New Dehli – On June 1, the Indian Premier League came to a thundering climax with a cliffhanger final match, watched by 60,000 cheering fans in a new stadium and an estimated 300 million television viewers around the world. As cheerleaders danced and waved brightly colored pom-poms, and star sportsmen from across the globe, clad in their teams’ multi-hued regalia, looked forward to a $2.5 million payday, black-market tickets changed hands for as much as $2,500.
Football? Basketball? No, the IPL is the newest Indian innovation revolutionizing that most staid of Victorian sports – cricket.
As the globalizing world discovers a twenty-first-century India full of high-tech computer geeks, efficient businessmen, colorful fashions, and glitzy entertainment – a far cry from the old stock images of fakirs on beds of nails, maharajahs on elephants, and mendicants with begging bowls – it is also finding an India obsessed with what most regard as a nineteenth-century sport.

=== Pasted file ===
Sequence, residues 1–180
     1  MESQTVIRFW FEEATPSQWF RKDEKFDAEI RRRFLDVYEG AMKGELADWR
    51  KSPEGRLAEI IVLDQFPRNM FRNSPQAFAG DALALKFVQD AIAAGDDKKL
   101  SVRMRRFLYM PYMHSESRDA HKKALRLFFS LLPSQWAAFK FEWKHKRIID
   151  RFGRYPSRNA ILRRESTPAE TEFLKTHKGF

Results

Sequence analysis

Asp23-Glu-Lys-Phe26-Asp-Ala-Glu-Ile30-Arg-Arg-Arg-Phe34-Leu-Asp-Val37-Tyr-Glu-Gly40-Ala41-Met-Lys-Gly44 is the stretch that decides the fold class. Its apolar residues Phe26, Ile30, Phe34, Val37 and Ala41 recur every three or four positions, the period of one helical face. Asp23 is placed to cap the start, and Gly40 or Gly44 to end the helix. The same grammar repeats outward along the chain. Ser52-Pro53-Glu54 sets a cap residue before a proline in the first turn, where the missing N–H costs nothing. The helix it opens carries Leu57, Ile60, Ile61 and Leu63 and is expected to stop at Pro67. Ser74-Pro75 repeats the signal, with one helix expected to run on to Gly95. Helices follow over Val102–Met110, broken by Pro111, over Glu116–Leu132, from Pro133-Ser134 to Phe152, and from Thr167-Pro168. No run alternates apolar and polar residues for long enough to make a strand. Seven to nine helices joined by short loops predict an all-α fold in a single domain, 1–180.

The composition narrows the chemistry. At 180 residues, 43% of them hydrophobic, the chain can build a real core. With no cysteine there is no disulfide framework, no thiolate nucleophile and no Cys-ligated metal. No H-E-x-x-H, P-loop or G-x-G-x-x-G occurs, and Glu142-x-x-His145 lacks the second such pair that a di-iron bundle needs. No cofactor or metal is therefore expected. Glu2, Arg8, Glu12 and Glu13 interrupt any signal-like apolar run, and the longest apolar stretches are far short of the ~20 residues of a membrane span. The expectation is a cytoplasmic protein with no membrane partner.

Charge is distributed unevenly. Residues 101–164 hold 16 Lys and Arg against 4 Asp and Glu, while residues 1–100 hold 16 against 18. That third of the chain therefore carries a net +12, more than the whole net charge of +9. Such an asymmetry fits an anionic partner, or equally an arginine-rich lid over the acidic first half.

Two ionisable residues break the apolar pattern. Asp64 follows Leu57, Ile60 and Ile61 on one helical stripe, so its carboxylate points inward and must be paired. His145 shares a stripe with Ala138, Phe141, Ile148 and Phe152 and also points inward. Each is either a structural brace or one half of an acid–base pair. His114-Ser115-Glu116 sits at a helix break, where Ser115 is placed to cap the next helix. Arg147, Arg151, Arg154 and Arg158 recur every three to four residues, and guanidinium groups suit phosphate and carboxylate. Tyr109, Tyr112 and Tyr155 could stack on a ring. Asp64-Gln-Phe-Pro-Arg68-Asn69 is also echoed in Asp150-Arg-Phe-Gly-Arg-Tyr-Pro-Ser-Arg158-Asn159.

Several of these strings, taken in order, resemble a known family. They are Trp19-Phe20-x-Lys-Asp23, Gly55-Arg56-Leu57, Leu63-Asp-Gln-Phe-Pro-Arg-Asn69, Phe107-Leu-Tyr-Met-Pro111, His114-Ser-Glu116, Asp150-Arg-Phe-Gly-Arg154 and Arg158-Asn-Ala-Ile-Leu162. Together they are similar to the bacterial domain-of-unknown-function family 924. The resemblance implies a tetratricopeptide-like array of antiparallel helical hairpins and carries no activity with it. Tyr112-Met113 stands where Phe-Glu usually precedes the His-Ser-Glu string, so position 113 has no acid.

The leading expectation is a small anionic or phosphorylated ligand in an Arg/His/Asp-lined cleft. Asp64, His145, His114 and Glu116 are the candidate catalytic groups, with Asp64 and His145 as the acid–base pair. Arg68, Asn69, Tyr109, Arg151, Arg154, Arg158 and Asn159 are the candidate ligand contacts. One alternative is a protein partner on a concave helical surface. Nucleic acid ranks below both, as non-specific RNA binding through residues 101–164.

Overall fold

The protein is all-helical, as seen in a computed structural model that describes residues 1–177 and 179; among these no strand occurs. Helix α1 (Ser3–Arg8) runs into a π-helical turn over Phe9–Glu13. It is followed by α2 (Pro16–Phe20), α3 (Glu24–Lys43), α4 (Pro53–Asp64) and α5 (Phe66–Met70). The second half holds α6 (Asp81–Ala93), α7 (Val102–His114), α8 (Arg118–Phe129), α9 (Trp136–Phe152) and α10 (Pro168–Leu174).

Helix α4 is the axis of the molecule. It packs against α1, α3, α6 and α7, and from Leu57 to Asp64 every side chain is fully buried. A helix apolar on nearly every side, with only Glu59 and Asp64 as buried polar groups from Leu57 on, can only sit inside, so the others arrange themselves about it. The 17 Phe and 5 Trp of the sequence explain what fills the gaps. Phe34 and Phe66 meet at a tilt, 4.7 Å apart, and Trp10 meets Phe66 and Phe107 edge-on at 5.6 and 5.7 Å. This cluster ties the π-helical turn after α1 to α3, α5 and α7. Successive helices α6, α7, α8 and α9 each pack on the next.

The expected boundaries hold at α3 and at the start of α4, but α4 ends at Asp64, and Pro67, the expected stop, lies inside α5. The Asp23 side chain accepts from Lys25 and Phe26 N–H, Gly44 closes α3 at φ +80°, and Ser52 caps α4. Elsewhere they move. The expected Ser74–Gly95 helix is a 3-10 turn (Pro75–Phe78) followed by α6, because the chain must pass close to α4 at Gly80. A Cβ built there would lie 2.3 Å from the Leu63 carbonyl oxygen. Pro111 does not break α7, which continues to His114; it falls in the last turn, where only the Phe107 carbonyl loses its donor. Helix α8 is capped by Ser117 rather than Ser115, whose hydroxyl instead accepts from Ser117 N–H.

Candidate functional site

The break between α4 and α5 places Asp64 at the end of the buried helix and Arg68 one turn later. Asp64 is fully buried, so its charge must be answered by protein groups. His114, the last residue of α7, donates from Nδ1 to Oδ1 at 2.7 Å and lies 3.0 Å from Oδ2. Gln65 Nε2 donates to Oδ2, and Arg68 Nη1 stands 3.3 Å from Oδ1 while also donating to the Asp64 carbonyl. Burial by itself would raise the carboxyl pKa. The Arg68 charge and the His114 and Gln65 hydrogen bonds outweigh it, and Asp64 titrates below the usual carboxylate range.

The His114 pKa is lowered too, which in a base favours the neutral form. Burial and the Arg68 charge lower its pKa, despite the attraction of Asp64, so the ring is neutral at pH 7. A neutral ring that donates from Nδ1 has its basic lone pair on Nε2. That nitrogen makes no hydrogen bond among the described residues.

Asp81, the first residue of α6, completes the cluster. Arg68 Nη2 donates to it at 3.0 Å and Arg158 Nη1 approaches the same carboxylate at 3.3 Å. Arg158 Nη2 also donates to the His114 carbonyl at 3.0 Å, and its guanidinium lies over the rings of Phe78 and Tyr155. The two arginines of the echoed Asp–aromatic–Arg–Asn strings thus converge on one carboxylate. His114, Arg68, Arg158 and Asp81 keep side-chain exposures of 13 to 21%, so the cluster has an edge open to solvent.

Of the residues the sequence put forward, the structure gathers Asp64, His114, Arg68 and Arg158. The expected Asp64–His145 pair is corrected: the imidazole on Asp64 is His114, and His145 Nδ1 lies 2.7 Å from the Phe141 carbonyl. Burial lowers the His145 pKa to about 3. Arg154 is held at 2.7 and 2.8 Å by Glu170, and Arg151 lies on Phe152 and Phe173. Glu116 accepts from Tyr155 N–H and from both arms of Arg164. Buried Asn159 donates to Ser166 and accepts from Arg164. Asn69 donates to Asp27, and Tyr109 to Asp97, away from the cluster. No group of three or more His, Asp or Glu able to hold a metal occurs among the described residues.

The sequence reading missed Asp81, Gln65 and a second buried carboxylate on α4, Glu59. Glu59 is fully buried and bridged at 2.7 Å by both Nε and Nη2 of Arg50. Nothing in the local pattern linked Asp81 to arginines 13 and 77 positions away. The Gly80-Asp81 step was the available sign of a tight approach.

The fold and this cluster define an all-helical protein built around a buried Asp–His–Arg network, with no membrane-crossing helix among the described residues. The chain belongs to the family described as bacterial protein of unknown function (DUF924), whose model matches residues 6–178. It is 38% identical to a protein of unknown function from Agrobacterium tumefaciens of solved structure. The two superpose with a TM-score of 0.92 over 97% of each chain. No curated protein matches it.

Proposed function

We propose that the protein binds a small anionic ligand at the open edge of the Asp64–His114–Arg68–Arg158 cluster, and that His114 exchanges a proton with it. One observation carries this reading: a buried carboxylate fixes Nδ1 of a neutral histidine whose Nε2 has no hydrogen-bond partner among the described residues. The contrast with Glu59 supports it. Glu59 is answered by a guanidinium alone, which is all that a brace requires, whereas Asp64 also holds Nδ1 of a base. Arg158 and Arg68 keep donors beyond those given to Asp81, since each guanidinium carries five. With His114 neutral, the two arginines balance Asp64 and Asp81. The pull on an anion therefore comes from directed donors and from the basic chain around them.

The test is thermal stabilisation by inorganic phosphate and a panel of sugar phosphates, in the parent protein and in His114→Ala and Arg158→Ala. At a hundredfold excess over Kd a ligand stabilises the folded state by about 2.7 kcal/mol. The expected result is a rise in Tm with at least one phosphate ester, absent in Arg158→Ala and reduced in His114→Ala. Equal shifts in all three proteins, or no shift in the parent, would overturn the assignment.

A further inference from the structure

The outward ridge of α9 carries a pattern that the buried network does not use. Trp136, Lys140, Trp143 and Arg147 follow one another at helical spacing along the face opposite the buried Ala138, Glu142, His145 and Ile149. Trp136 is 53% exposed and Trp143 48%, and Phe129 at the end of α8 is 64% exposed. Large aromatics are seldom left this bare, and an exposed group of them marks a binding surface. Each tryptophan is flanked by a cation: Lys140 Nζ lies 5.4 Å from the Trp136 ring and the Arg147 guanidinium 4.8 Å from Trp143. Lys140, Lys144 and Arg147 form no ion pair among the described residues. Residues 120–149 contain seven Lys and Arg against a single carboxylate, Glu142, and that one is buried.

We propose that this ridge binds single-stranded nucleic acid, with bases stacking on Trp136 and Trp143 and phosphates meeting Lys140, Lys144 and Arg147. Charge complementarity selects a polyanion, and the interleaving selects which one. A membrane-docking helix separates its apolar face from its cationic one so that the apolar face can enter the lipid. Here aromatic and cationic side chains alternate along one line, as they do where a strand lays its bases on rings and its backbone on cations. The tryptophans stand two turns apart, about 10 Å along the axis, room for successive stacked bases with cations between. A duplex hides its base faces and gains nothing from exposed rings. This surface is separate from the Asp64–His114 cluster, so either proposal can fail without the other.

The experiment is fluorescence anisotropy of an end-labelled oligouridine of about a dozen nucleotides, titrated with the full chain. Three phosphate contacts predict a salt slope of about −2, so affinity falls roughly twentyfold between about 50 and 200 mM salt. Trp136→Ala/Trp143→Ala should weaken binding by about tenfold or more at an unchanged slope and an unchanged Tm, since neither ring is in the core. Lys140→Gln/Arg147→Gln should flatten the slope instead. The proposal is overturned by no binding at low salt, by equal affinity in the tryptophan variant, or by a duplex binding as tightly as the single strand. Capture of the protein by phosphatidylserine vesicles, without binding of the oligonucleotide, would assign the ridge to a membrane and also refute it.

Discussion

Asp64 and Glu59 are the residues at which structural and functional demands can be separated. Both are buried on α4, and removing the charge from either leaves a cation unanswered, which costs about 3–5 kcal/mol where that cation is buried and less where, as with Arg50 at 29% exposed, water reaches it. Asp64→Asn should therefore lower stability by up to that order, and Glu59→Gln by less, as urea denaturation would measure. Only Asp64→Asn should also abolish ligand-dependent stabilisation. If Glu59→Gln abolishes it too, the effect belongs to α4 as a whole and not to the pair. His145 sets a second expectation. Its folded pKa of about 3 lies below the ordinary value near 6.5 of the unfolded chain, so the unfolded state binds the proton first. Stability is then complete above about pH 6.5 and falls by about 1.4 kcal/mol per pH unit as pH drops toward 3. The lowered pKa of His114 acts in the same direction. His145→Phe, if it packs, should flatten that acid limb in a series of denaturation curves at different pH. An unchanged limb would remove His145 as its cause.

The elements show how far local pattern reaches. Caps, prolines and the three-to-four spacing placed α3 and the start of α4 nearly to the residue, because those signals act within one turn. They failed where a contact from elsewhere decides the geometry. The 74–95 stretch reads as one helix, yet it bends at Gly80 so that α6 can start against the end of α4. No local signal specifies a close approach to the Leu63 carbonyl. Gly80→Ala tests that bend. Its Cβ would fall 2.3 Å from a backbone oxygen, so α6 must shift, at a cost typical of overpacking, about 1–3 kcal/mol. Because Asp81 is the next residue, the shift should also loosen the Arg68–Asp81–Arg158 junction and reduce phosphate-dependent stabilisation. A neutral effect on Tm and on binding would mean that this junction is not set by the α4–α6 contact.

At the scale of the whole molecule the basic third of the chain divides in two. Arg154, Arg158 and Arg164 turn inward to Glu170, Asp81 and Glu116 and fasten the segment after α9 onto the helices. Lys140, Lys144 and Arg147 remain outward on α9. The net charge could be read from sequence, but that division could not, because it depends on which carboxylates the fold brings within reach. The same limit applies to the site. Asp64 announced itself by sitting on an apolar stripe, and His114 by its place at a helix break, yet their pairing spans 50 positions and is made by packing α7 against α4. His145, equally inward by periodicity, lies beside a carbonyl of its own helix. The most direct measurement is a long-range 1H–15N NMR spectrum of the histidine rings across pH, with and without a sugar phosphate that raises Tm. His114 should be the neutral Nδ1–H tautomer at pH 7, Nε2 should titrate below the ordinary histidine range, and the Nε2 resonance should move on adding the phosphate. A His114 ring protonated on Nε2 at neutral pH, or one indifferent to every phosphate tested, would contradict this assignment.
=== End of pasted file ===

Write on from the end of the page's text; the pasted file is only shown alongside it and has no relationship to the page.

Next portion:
Cricket has seized the Indian national imagination like no other sport. An international match can fill 100,000-seat stadiums, while attracting TV audiences of 350 million. Airline pilots provide passengers with the latest scores; office-goers cluster around the nearest available television. Cricketers occupy a place in India’s pantheon rivaled only by gods and Bollywood stars. The performances of our heroes are analyzed with far more passion than any political crisis. In no other country does a sport so often command the front pages of leading newspapers.